Autograph manuscript of ‘The Assabet,’ three pages on two 7.75 x 9.75 sheets, July 18, 1839. Unsigned handwritten manuscript originally sent to Ellen Sewall, in which Thoreau pens all 12 stanzas of his poem. In part: “Up this pleasant stream let’s row / For the livelong summer’s day, / Sprinkling foam where’er we go, / In weather as white as driven snow; / Ply the oars, away! away! / Now we glide along the shore, / Plucking lillies as we go, / While the yellow sanded floor / Doggedly resists the oar, / Like some turtle, dull and slow. / Now we stem the middle tide, / Ploughing through the deepest soil, / Ridges pile on either side, / While we through the furrow glide, / Reaping bubbles for our toil. / Dew before and drought behind, / Onward all doth seem to fly, / Naught contents the eager mind, / Only rapids now are kind, / Forward are the earth and sky. / Sudden music strikes the ear / Leaking out from yonder bank / Fit such voyageurs to cheer / Sure there must be fairies here, / Who have kindly played this prank.” Professionally repaired central vertical and horizontal folds and some staining to edges, otherwise fine condition.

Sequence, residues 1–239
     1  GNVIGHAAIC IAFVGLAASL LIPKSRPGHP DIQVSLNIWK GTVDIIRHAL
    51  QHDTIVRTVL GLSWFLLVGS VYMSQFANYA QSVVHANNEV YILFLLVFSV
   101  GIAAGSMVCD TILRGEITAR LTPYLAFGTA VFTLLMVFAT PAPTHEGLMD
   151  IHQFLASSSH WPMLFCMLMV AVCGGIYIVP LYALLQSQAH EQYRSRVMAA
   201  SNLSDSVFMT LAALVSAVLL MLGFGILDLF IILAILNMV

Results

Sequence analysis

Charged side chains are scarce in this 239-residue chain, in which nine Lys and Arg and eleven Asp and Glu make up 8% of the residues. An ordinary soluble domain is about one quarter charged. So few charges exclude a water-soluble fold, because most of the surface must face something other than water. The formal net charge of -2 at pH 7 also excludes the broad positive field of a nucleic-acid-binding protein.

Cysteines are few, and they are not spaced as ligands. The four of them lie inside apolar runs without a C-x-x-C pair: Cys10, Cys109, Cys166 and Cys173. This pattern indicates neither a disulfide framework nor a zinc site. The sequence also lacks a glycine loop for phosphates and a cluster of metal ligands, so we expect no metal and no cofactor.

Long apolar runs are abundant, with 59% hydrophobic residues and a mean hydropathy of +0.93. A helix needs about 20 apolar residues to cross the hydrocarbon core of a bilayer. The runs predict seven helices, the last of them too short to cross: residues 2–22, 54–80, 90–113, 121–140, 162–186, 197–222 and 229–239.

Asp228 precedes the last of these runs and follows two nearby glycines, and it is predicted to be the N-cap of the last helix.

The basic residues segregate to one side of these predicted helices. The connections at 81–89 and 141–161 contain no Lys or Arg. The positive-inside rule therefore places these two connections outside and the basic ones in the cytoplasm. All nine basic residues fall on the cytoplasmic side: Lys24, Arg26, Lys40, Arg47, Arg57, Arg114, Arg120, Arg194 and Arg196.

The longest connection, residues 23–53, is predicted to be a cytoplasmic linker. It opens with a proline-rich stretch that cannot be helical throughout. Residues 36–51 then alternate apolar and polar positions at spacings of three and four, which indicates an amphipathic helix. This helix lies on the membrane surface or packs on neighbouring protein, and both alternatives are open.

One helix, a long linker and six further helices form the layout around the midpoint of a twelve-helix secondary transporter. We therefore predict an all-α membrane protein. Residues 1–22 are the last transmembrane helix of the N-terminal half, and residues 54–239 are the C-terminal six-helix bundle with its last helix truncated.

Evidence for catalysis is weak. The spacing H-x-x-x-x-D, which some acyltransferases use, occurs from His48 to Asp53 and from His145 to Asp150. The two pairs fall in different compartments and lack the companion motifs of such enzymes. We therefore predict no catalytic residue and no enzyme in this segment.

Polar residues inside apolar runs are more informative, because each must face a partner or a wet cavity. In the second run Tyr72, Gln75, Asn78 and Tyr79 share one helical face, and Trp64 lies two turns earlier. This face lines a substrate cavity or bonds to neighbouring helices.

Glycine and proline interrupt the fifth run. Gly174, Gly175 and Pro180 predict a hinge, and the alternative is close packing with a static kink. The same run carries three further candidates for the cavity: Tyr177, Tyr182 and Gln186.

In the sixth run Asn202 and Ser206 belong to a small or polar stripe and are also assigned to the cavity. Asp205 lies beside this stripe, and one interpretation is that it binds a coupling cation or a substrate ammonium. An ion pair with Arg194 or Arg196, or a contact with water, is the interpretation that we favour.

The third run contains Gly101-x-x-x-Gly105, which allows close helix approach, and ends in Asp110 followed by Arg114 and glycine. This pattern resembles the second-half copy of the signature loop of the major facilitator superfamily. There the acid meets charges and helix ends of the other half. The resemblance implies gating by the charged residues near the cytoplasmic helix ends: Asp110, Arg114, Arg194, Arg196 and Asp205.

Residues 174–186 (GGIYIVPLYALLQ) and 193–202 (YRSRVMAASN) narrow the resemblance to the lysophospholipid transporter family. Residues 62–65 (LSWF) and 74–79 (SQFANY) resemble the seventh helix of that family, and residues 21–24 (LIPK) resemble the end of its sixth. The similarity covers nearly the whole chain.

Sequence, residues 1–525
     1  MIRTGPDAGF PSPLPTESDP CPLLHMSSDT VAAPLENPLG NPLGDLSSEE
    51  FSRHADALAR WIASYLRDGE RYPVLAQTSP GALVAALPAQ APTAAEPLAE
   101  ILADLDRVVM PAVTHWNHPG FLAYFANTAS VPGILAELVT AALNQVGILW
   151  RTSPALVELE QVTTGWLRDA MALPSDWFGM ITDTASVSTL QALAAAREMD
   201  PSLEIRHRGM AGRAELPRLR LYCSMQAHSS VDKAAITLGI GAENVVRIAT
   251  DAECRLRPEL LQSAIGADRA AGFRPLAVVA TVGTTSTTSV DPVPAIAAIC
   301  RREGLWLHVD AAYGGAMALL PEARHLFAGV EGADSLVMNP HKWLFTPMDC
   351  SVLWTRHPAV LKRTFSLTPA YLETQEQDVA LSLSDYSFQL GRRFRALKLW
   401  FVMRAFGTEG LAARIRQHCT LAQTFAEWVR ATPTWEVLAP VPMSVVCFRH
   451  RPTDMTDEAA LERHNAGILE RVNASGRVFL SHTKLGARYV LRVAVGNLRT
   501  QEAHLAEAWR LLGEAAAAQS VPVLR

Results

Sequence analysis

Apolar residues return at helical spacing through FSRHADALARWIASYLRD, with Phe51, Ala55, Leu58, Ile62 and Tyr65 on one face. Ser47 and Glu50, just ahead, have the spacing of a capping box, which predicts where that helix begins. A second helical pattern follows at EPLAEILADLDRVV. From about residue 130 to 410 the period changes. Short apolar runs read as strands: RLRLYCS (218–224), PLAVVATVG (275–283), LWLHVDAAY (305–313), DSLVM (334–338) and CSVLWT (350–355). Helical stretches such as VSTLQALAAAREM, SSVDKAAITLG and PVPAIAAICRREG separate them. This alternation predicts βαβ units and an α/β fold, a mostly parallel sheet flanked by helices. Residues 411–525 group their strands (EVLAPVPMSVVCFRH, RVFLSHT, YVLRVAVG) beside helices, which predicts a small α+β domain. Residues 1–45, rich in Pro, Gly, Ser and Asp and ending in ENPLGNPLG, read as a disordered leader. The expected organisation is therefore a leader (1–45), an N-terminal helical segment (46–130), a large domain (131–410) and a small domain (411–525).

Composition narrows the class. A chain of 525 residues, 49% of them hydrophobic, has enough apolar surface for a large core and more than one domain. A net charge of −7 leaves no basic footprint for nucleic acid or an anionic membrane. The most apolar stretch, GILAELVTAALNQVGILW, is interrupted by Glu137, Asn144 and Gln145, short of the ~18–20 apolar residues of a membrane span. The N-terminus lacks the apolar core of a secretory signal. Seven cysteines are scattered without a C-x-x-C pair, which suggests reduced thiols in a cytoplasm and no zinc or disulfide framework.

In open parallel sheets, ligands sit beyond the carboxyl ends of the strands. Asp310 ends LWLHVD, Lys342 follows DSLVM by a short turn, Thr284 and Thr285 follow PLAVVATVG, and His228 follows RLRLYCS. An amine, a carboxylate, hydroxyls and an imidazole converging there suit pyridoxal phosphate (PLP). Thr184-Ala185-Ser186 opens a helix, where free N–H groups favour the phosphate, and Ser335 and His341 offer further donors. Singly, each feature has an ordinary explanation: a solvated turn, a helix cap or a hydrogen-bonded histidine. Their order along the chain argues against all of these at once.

When 22-year-old Henry Thoreau met Ellen Sewall on July 20, 1839, he was immediately smitten. Visiting her grandmother and younger brother Edmund—the former being a boarder with Thoreau’s mother, and the latter a student at his new progressive grammar school—she arrived at a time when the young author was honing his poetry skills; having recently met Emerson and his circle of literary friends, he was urged to contribute essays and poems to The Dial, though poetry never became his strong suit. This poem, written two days prior to her arrival, most likely about one of his many boating trips with Edmund, was the first of many that he would send to her. The following year—unaware that his own brother John had already proposed to her, and that she had rejected him due to her strict Unitarian father’s dislike of the Thoreau’s transcendental beliefs—Henry proposed to Ellen, only to receive the same rejection. According to Walter Harding’s book, The Days of Henry Thoreau, Ellen recalled the reading aloud of some of Thoreau’s poems in a diary entry the following year, writing, ‘The favorite was ‘Up this pleasant stream let’s row.’ That is the first piece Henry gave me…I wonder if his thoughts ever wander back to those times when the hours sped so pleasantly and we were so happy. I think they do.’ Though Ellen went on to a happy marriage, Henry would remain single for the rest of his life. Though seemingly unpublished during his lifetime, three lines of this poem did appear in revised form in his famous book A Week on the Concord and Merrimack Rivers. This is the first poem—and the longest piece of handwritten material in any form—that we have offered from the renowned author, one of the hardest to find and most sought after figures in American literature. Pre-certified John Reznikoff/PSA/DNA and RR Auction COA.